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Kabul Korrespondence

Fresh, factual, and funky view of Afghanistan and the surrounding Central Asian region

White City in Kazakhstan and Uzebkistan

Sunday, May 22, 2011

Surprisingly we cruised across the border hassle free and were soon in Almaty and lost in this mega-vehicle city: Petrol is cheap so everyone drives. Our first concert on Thursday was at a small club called Retrospective, on the outskirts of the city. We only managed to pull together a small crowd of 15, but it was obvious that they were all musicians or conersuers of music as they really got into the music and the night ended with both Ruth and I on the floor and Andreas leaping over his drum kit and landing on us [ouch!].

During our stay visit in Almaty we also had 2 gigs at an awesome rock club called Zhest, by far the best venue we have played in since starting this tour. They have a raised stage that sits over the bar. The owner Alex has set the place up real sweet with good amps, lighting and even a smoke machine. Both nights we had healthy crowds and support bands that helped us to warm the crowd. The only challenge was that we didn’t go on stage until 1 am, so we had to be diligent and keep sober until then. The crowd really enjoyed our music and many commented that all they got was metal in Almaty and they were refreshed to hear something ‘new’. Here is what Ru says about Zhest: “Our gig home for the next two nights was Zhest. It had a raised, 360 degree stage, surrounded by the bar with strippers on poles. It was very Dusk till Dawn liker. One of the ‘go-go girls’ (a Russian, who was born in Uzbekistan) fell in love with me and would not leave my side all night. I am now wearing her favourite bracelet and have, so far, not spouted fangs.”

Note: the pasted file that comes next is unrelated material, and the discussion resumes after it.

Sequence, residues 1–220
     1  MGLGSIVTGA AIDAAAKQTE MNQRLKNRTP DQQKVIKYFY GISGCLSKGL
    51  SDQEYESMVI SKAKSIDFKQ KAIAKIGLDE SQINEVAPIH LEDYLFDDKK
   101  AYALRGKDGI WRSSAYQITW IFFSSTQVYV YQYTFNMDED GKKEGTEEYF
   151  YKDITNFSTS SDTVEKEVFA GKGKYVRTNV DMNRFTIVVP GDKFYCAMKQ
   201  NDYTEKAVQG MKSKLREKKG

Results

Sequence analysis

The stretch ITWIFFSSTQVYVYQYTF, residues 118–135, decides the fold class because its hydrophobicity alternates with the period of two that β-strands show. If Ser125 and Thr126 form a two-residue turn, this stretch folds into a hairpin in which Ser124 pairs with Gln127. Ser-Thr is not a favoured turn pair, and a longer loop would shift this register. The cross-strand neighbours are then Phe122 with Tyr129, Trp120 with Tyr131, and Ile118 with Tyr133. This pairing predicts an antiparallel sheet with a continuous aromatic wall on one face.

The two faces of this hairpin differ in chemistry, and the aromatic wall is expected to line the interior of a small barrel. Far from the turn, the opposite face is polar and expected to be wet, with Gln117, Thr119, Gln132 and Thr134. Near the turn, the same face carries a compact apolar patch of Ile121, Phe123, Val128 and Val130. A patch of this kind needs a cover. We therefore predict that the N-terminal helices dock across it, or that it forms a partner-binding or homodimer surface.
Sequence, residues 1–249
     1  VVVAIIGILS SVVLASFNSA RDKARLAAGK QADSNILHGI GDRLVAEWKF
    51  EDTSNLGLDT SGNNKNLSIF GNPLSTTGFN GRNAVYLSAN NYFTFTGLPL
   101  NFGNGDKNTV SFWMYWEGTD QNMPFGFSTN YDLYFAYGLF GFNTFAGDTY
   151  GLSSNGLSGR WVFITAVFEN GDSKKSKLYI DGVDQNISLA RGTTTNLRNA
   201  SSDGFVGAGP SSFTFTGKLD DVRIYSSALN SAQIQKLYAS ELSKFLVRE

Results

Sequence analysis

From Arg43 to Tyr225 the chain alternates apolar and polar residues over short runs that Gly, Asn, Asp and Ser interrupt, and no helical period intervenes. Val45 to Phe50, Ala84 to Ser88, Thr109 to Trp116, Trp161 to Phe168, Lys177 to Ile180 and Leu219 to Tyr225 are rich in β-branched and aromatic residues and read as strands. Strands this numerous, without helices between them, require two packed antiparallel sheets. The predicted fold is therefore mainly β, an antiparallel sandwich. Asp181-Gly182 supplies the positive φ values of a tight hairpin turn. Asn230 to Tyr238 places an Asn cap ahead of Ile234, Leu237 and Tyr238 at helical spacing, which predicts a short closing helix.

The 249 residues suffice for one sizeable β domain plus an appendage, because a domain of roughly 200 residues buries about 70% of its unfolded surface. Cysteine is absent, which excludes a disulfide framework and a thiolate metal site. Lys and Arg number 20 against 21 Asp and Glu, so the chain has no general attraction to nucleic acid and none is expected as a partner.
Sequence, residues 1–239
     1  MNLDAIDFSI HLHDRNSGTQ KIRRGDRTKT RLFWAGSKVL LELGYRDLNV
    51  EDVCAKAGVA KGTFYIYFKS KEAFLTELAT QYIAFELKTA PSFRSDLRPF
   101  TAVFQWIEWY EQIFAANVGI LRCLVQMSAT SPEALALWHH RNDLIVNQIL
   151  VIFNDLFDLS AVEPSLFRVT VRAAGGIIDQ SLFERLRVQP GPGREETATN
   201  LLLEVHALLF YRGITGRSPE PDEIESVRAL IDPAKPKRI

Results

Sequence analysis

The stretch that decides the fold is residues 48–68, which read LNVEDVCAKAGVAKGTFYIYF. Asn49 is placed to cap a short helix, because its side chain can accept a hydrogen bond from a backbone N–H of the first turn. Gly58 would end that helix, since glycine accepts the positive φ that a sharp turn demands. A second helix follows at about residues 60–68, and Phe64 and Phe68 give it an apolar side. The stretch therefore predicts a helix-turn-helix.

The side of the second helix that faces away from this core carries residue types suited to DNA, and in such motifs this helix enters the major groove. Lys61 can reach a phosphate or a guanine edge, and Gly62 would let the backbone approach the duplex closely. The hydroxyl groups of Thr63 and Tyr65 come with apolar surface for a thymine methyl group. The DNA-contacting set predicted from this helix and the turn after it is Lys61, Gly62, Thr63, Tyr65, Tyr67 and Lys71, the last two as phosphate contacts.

Our last concert in Kazakhstan was at a bikers Fest 80 km outside Almaty in a lake side town call Kapchijay. The term no sleep till Brooklyn really made sense after Andreas and I stayed up till 9 am belting out tunes in a suburban karaoke club. But we pushed on through and drive at 200 km an hour with a mad taxi driver to the bikers fest. We arrived at the fest and in true White City fashion took over the place [even though we were only the support act to Russian rock legends: Aria] The fest was well set up with the stage on the beach and villas on the hills for all the bikers to use. The crowd was a mixture of hardcore bikers, part time bikers, families and even some car drivers. There was 4 local bands that played before us and the highlight was a band called Storm that had a lead singer that obviously idolized Kiss. We played the best set we could considering the cold conditions: both Andreas and I got cramps in our arms. Again the crowd was into it, with loads of people saying it was nice to hear something else besides cock rock on the bill. The main act Aria may have been old bastards but they still rocked in true Iron Maiden like sound. The crowd was obviously there to see them and therefore went crazy.

Ru: Our set was cut short by a billion hair-metal bands before us, but we enjoyed our first festival. It was fun to play a really big stage and do lots of foot-on-the-monitor poses. Seen the pictures and I look like a massive show-off. Hello to the White City Angels and thanks for getting everyone dancing. All in all it was a great experience to play at a bikers fest and too meet loads of bikers, a big hello to the guys at the Almaty chapter of the Nomads!

We met these three lovely young ladies in Bishkek at our concert at Zeppelin Bar, they proceeded to come more of our concerts. As with everyone else we connect with, we invited them to join us in Almaty. But of all the people we invited, only these 3 dedicated rockers actually made the trip up and joined us for the bikers fest. So after some drinks and dinner we all decided that they should form the fan club. And seeing that they had very similar traits to the girl of Charlies Angles, we all agreed that they should be called the White City Angles. Introducing: Aigul, Olah and Regina. They will be starting a group on face book and have promised us to have 100,000 members in five years time. So help them out and join! Visit White City Angels Facebook page here And to prove that they were the ultimate WC fans they also flew to Tashkent a week later to see us perform at the Iosis Festival, wow, well done girls, respect!